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A reflection about the value of water and the forest

Drinking from the rivers and eating from the forests

Environmental disasters are happening around the world and most of us are not even aware.

Maybe some of you went hiking and splashed some clear water from a river on yourself. Maybe you found a wild fruit and tried it. Maybe you like to go fishing or you have a small orchard in your backyard. These things are the simplest and most pleasant things for me and maybe for many of you. But they are also fundamental lifestyle elements of many people around the world that maintain a close relationship with the environment, drinking and eating from their local rivers and forests. These are perhaps the most ancient ways of conservation (use and protection of resources), but how long it will be possible for people to do them?

Recent events made me reflect about how little we know and care about our resources, especially when the food and the water supplies are endangered around the world as a result of overuse and degradation of agricultural soil and pollution among other problems. Just to refresh our memories:

  • November 5th 2015 Mariana, Minas Gerais- Brazil. A mine dam burst and approximately 50 million cubic meters of iron waste flowed into the Doce River, reaching the Atlantic Ocean. As result, there were 19 deaths, 80 km of toxic mud reaching the ocean, 11 tons of dead fishes (80 species) and 1265 people without their homes [5].

  • January 5th Flint, Michigan- United States. The city is declared to be in a state of emergency two years after it switched its water source to the highly-polluted Flint River. The residents have to use bottled water and children’s health has been compromised [9].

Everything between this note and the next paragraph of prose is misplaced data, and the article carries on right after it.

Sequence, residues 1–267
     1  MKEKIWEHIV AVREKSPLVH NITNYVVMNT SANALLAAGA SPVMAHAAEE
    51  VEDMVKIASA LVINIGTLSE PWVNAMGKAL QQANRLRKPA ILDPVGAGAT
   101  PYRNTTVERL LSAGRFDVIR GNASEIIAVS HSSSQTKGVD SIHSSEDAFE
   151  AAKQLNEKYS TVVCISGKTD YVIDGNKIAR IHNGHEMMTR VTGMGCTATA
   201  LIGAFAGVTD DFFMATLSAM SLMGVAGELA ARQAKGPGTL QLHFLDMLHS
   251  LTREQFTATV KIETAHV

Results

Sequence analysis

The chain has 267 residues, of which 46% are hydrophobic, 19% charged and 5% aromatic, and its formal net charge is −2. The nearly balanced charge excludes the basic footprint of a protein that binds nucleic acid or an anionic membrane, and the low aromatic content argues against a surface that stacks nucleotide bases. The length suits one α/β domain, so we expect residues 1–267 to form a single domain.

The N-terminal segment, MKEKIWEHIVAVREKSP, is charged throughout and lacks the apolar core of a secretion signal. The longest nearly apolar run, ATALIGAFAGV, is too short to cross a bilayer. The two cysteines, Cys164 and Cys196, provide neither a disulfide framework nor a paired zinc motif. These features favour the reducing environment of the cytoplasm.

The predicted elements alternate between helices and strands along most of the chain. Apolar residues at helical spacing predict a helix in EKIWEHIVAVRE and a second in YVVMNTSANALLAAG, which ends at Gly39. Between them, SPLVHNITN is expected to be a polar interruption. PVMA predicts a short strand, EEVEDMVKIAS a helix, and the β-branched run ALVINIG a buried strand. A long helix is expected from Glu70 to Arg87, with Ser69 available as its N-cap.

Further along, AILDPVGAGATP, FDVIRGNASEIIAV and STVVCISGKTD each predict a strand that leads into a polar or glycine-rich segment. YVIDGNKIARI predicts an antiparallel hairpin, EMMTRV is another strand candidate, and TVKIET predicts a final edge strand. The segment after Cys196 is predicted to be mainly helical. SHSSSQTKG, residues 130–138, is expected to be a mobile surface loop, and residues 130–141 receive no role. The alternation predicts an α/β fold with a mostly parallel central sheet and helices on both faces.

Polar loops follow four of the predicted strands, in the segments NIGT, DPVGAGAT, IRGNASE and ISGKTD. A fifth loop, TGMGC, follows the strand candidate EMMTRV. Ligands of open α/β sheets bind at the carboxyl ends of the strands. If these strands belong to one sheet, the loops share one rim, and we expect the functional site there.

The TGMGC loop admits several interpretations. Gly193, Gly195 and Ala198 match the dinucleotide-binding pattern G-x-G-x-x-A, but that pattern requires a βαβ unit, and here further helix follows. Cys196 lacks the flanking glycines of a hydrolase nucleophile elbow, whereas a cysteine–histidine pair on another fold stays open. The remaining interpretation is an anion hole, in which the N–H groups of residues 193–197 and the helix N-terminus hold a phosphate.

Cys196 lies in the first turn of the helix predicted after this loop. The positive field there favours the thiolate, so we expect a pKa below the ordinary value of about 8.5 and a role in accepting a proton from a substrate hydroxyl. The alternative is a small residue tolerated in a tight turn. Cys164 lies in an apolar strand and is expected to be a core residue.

• January 25th Moroma district, Loreto and February 5th Imaza-Amazonas Peru. 30,000 barrels of oil spilt into the Amazon rivers, reaching the Marañon River (Amazon River tributary). More than 1900 people are affected and 30 hectares of forest have been destroyed [2].

  • March 3rd La Esperanza-Honduras. Berta Cáceres, Honduran environmental activist, is murdered in her home. She was a winner of the prestigious Environmental Godman prize, which recognizes fearless activists around world. She organized the indigenous Lenca people and successfully prevented the construction of the Agua Zarca dam, which was violating the international treaties governing indigenous people’s rights [1].

  • March 19th Malinowski river, Madre de Dios-Peru. Three bodies were found. These were victims of human trafficking [3] which is one of the social problems associated to gold illegal mining. Illegal gold mining in Madre de Dios, which works without permission, has already destroyed 6,600 hectares (approximately 25.5 square miles) of forest [10], and produced mercury pollution and death (access to online documentary avaible in English at http://www.lasrutasdeloro.com/) [7].

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Figure 1 Rescuer trying to save a donkey in Mariana mine dam disaster. (Source: noticias.bol.uolcom.br)

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Figure 2 Local people try to clean the oil in the Peruvian Amazon (Source: Alessandro Currarino / El Comercio)

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Figure 3 Illegal gold mining effects in the Peruvian Amazon (Source: http://www.actualidadambiental.pe/)